Many of the policies considered in the test case also had so-called trends clauses, which mitigate the amount insurers are required to pay out, even when a claim is accepted. Using those clauses, the insurers argued that businesses would have suffered financial losses during the pandemic even had there been no government lockdown.

The principle, known as a "but for" causation test, is based on the 2010 decision Orient Express Hotels Ltd. v. Assicurazioni Generali SpA .

In that case, New Orleans-based Orient Express was seeking to claim against its business interruption policy after storm damage arising from Hurricane Katrina meant its hotel was closed for two months in 2005.

Both the High Court and the Court of Appeal found that the hotel would have suffered business losses even if it had not been damaged, because New Orleans was effectively forced to shut down after the hurricane.

Instead of the $2.15 million it was seeking from insurers, it was therefore allowed to claim only a limited amount on its policy, as if it had been an undamaged hotel in a damaged city.

In Tuesday's ruling, Judges Christopher Butcher and Julian Flaux said Orient Express had no relevance to the test case. But even had they been forced to consider it, they would have ruled that it was "wrongly decided," the judgment said.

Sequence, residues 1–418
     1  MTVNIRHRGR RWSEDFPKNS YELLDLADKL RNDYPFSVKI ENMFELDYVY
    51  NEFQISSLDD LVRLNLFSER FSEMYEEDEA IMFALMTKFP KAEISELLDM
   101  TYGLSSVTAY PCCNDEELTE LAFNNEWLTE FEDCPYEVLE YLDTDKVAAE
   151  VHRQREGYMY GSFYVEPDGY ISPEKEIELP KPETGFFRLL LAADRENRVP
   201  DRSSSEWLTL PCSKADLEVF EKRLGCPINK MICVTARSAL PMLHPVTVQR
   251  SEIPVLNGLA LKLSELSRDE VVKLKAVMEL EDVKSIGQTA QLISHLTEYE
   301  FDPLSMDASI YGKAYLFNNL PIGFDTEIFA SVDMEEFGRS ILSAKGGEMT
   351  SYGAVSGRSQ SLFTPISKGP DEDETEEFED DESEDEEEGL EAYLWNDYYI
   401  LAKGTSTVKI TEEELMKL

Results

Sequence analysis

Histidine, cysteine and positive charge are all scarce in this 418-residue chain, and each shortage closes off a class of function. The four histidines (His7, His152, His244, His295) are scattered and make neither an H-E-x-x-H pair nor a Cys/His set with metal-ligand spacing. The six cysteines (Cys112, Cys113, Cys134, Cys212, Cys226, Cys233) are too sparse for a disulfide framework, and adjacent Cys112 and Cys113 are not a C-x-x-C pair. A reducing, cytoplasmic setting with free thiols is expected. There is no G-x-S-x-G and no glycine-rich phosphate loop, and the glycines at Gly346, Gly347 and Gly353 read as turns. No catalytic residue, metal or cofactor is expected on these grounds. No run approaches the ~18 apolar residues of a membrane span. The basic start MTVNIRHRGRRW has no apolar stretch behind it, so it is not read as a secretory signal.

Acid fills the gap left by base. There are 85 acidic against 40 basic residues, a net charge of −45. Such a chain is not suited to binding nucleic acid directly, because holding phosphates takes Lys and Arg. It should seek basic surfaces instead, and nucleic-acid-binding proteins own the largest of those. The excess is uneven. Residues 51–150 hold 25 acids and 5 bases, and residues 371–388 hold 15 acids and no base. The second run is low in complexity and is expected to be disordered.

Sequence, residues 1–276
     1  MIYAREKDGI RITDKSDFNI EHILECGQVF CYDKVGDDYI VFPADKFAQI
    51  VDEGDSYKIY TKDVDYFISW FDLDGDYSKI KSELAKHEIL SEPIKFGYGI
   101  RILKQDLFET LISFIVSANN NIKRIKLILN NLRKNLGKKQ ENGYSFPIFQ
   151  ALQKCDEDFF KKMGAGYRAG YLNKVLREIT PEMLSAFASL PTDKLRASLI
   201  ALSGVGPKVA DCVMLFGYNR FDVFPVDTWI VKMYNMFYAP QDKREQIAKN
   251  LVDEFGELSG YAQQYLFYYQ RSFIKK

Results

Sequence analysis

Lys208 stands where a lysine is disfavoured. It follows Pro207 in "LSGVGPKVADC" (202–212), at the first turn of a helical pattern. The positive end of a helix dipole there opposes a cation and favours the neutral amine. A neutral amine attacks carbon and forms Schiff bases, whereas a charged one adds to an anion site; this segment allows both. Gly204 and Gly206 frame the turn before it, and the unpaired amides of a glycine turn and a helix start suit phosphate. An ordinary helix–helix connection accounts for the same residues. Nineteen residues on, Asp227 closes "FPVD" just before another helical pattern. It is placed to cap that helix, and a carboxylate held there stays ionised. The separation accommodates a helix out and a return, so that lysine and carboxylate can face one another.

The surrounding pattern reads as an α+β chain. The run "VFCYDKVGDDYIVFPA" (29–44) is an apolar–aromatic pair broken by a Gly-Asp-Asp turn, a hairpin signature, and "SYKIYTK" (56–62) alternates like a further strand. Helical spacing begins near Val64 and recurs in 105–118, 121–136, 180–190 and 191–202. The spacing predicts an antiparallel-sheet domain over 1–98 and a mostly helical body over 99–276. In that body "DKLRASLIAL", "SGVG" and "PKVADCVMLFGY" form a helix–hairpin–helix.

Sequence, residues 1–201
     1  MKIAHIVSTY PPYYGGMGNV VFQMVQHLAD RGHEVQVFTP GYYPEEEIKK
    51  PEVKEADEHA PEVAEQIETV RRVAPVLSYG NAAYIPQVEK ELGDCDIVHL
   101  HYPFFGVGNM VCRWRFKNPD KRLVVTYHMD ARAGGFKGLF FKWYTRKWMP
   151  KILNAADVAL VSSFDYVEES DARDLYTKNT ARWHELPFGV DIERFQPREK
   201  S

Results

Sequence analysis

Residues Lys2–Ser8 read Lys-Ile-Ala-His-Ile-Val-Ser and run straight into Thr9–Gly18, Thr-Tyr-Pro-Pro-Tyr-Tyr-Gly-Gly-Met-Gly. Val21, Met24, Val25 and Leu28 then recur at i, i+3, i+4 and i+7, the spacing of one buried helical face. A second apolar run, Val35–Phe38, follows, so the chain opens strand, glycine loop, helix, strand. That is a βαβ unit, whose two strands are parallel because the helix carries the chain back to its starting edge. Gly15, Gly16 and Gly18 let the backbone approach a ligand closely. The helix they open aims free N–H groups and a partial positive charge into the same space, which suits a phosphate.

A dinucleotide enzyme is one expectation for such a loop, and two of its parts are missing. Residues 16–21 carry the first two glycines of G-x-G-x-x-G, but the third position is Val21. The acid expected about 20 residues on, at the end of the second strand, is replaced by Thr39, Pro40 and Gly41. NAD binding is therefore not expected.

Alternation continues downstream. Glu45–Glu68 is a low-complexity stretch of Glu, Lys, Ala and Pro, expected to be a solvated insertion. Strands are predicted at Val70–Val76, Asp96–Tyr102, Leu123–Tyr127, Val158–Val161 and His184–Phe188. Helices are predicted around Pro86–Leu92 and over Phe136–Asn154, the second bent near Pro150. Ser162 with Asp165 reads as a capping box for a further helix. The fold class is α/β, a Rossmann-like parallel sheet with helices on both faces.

That alone might be enough to prompt an appeal given how widely the causation principle in Orient Express has been used in insurance disputes, according to Fenchurch Law partner Aaron Le Marquer.

"The court's finding that Orient Express was wrongly decided and that they would not have followed it even had they not found it to be distinguishable, will certainly raise eyebrows, and will surely lead to an appeal from insurers on this issue at least," he said.

Even if insurers do not appeal the judgment, there could be widespread litigation over the value of claims.

Insurers have already admitted they are deducting the value of government grants that a business has received from any payouts — something that is likely to raise further disputes.

The government provided small businesses with £10,000 grants and hospitality businesses with £25,000 grants during the lockdown. It has also paid 80% of staff salaries under the furlough scheme.

The ABI said at the time that by deducting the grants from claims payments, insurers were trying to avoid "double-compensating the claimant."

The FCA, however, said it would intervene if insurers were treating businesses unfairly in paying claims, raising the prospect of a second legal challenge from the regulator.

"My instinct is that there won't be a further test case, but that there will be pressure from FCA," Steptoe's Rodger said.

--Editing by Marygrace Murphy.

For a reprint of this article, please contact reprints@law360.com.